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Hundreds of Ukrainians in seasonal work may soon face unemployment

Many Ukrainians employed in seasonal work on berry farms across Finland may need to look for new jobs once summer ends.

Ukrainian seasonal workers planting strawberry plants in Suonenjoki in May. Image: Marianne Mattila / Yle

TE employment offices across Finland are preparing for an autumn rush as many Ukrainians currently employed in seasonal work will see their contracts end in August and September.

For instance, hundreds of Ukrainians who fled the war to Finland have been working on berry farms in North Karelia and North Savo.

There are currently 160 Ukrainians registered as unemployed job seekers in North Karelia. The number has increased at a rate of about ten per week over the summer.

Anu Huotari, service director for the North Karelia TE Office, said that the office is preparing for the possibility that the number of Ukrainian job seekers in the region may soon increase significantly.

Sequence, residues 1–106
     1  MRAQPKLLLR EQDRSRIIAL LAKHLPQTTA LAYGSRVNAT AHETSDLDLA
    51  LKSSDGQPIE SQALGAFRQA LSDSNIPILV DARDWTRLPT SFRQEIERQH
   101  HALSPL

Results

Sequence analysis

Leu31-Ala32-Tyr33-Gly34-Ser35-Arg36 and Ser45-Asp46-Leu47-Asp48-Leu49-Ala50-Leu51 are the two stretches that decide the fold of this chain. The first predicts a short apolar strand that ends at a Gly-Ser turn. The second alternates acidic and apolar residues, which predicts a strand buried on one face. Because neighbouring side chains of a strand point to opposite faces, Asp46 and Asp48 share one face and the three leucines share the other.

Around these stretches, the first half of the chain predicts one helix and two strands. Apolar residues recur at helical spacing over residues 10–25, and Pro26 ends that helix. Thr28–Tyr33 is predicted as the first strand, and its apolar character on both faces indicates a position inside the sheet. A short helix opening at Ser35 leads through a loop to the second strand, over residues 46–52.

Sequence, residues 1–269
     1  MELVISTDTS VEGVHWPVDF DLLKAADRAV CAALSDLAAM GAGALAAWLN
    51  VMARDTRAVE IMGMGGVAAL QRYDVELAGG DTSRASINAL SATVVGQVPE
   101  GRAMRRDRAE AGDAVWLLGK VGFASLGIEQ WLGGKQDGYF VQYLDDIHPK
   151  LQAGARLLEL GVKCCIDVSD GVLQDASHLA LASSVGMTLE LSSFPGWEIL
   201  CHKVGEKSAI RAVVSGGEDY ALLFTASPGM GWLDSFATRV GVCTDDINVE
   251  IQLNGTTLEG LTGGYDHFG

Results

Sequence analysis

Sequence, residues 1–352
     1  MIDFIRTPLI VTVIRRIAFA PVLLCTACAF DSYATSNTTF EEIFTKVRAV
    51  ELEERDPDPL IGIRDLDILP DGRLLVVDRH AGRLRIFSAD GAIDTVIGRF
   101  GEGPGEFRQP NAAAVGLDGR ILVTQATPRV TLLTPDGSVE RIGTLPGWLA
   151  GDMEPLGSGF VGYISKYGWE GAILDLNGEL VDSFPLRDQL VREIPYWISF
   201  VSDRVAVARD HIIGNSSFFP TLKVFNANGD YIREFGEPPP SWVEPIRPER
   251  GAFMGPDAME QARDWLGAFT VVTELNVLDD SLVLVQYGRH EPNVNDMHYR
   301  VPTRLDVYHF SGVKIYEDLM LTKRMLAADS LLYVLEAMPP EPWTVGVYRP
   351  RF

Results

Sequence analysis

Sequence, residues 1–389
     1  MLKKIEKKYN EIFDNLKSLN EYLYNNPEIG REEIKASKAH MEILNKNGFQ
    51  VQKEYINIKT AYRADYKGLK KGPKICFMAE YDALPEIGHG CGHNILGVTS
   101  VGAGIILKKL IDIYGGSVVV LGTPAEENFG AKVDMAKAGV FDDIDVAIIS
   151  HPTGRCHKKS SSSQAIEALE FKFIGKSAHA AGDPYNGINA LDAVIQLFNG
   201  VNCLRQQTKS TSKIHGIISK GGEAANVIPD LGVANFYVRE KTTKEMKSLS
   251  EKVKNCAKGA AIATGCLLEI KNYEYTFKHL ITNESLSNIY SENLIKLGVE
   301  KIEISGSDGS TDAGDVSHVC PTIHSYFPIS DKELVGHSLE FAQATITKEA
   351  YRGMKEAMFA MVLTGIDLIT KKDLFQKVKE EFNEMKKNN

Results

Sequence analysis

Lessons learned from 2015

North Savo's situation is very similar to that of North Karelia. During the summer, hundreds of Ukrainians worked on berry farms in Suonenjoki.

North Savo TE Office service director Päivi Halonen said it was unclear how many Ukrainians would be offered farm work this fall.

The office might need to increase its resources if the number of jobseekers increases significantly after the seasonal work ends. It is possible that the situation will be similar to the pressure experienced by TE offices during the refugee crisis in 2015. That year, received a record number of asylum seekers, totalling around 32,500.

Halonen, however, said the office is already prepared for the rapid increase in foreign job seekers.

"Fortunately, we have experience with such situations after 2015 and 2016," Halonen said.

15.37: Corrected spelling of Huotari and added 2015 statistic.